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Officials 'defrauded' firm, court hears Add to ...

Vic De Zen and other executives of Royal Group Technologies Ltd. "defrauded their own company" and hid the evidence from auditors and the board of directors, according to the Crown's opening remarks at the trial of six former employees of the plastics company.

In court Wednesday, Crown attorney Damien Frost outlined details of two transactions at the heart of the case, saying evidence will show that the six executives shared in profits totalling $6.5-million at the expense of Royal Group.

"It is alleged that Mr. De Zen and other directors and officers of Royal Group defrauded their own company of millions of dollars," he said.

But lawyer Mark Sandler, who is representing Mr. De Zen, countered with his own opening remarks, saying "the evidence will disclose that no fraud by anyone occurred here."

Mr. Sandler said the company's directors knew about both o the transactions at issue in the trial, and the auditors knew or should have known about them because they were documented and not hidden.

"Mr. De Zen did not have a financial interest in defrauding the public company of which he was majority shareholder and founder," his lawyer said.

Mr. Frost said he intends to call 24 witnesses at the trial, which is expected to last at least until the end of June. They will include former independent directors, including former Ontario finance minister Greg Sorbara, Toronto lawyer Ronald Slaght and businessman James Sardo.

The Crown alleges that Mr. De Zen, former Royal Group president Douglas Dunsmuir and former chief financial officer Gary Brown shared in a $6.5-million profit earned in 1998 when a numbered company they co-owned sold a parcel of land to Royal Group for $27.4-million on the same day they purchased it for just $20.5-million.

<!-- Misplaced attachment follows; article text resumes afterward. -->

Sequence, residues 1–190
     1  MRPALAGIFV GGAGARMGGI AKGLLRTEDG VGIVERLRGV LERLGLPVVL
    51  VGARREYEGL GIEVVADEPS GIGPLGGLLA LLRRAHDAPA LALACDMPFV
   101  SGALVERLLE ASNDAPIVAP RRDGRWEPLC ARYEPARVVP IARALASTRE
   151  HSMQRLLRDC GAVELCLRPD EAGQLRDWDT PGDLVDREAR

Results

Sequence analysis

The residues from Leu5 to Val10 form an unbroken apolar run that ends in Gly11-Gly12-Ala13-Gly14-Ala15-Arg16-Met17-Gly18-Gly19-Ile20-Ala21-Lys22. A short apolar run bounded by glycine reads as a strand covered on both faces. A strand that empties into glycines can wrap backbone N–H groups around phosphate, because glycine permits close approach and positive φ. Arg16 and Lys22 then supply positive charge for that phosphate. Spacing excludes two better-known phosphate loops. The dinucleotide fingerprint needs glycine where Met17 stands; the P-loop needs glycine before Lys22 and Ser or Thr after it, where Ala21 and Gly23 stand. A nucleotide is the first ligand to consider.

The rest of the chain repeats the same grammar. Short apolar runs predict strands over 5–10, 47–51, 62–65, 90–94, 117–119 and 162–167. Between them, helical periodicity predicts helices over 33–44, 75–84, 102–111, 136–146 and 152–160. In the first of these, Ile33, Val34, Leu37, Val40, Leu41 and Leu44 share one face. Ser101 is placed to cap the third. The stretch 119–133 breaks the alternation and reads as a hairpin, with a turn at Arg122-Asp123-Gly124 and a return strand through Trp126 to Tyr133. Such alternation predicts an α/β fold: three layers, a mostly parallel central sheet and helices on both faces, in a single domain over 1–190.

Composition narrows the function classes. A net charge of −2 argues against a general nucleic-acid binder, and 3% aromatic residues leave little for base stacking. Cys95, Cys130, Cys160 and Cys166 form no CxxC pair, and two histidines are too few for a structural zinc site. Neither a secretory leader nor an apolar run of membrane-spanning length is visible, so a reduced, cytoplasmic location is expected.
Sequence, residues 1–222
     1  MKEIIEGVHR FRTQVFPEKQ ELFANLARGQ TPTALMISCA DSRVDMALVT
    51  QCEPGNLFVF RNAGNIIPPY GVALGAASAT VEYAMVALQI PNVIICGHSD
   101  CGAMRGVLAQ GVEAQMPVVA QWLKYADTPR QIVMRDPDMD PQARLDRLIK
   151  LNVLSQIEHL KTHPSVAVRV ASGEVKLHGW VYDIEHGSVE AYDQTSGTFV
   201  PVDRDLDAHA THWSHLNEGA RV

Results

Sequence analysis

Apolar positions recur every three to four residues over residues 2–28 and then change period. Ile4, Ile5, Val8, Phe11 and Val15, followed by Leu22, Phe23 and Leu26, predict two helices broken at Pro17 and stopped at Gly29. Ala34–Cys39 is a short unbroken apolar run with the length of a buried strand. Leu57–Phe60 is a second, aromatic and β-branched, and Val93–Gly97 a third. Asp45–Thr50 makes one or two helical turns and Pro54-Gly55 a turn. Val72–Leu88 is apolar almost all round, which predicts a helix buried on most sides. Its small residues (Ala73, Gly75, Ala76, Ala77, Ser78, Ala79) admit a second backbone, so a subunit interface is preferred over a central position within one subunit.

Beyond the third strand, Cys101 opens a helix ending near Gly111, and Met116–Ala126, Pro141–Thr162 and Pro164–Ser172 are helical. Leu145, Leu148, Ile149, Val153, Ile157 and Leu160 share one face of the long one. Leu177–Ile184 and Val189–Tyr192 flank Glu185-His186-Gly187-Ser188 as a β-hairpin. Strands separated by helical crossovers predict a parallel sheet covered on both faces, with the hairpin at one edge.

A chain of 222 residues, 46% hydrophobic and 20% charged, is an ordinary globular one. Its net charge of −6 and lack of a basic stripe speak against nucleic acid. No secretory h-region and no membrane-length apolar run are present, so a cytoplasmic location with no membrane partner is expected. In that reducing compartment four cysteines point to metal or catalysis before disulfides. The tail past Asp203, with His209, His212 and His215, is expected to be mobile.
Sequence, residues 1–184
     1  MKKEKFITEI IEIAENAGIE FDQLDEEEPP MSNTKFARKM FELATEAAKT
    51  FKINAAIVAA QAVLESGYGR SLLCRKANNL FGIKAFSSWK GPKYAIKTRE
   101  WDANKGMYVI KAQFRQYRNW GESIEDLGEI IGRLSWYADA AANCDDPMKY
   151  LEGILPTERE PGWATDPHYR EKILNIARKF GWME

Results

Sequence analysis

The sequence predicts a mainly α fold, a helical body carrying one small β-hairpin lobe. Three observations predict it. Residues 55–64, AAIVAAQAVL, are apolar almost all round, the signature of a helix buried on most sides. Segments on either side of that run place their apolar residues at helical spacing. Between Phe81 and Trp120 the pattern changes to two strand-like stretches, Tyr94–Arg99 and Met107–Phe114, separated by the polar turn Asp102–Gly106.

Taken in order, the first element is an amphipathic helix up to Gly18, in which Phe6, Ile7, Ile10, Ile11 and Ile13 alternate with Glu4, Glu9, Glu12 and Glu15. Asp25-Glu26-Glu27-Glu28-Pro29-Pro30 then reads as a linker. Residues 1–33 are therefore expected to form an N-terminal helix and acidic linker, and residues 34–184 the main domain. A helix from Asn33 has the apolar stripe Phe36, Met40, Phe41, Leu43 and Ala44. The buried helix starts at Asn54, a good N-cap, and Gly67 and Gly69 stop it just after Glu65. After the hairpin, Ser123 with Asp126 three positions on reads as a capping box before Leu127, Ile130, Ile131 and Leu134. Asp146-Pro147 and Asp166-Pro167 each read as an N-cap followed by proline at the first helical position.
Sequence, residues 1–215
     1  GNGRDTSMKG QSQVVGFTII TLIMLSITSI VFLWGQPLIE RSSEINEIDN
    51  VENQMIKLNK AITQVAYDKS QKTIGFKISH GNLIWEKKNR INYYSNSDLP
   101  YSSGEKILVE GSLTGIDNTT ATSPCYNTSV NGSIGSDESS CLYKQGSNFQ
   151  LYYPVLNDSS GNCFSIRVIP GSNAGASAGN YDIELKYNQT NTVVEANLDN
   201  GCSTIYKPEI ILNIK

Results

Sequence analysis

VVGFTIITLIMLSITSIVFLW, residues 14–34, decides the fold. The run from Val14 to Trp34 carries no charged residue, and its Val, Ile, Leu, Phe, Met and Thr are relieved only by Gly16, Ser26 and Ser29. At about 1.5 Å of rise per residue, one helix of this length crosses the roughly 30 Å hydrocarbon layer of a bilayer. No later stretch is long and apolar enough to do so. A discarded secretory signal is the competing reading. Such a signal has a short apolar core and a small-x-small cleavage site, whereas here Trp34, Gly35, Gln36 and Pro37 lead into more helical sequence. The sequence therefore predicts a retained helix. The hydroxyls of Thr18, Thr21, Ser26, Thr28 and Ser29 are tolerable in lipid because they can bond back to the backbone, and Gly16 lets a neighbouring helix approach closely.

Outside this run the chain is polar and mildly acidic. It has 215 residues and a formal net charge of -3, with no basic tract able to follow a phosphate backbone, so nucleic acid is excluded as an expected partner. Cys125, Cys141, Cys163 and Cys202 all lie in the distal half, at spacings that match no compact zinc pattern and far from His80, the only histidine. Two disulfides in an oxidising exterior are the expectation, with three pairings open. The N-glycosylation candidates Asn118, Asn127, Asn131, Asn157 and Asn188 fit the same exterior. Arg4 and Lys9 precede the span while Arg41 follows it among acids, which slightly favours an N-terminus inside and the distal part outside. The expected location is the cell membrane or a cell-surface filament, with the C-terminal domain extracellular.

Mr. Frost alleged that former vice-president of finance Ronald Goegan knew the property was being flipped "and assisted the other three accused."

Mr. Frost also detailed accusations that five of the accused - Messrs. De Zen, Dunsmuir and Goegan as well as former director of taxation Luciano Galasso and director of accounting Gordon Brocklehurst - shared a $2-million profit after a warrant owned by Royal Group was exercised in 2002 to buy shares of Masonite International Corp.

He said the share acquisition was not entered in the books of Royal Group and instead the shares were distributed to the five former executives.

Mr. Frost said the evidence will show that each of the accused took "elaborate steps" to receive and sell their Masonite shares. He said Mr. Galasso, for example, transferred his profit from the shares through a series of bank accounts and into a numbered company account.

Mr. Frost alleged Mr. Galasso also wrote an e-mail, which will be entered into evidence at the trial, explaining to "Brother Ed" where the funds could be located "in the event I get hit by a truck."

Mr. Sandler countered that it was always intended that the warrants would be used to provide compensation for senior executives, and their gains from the share sales were disclosed in the company's shareholder proxy circular.

Although the circular did not say the compensation came from exercising a Masonite warrant, Mr. Sandler said it did not need to, and "it was the amounts, not the sources," that had to be disclosed.

He also said Mr. De Zen was required only to seek board approval for transactions of more than $60-million, and neither of the two deals met that threshold. "This fact will figure prominently in our defence," Mr. Sandler said. "It is our position that there was never an intent to hide either transaction from the board."

He said the land deal took place at a fair market value and was "highly beneficial" for Royal Group. And he said there is evidence some directors knew about details of the deal at the time it occurred.

But Mr. Frost said directors will testify they only learned of "material" elements of both deals after a forensic accountant was hired in 2004.

 

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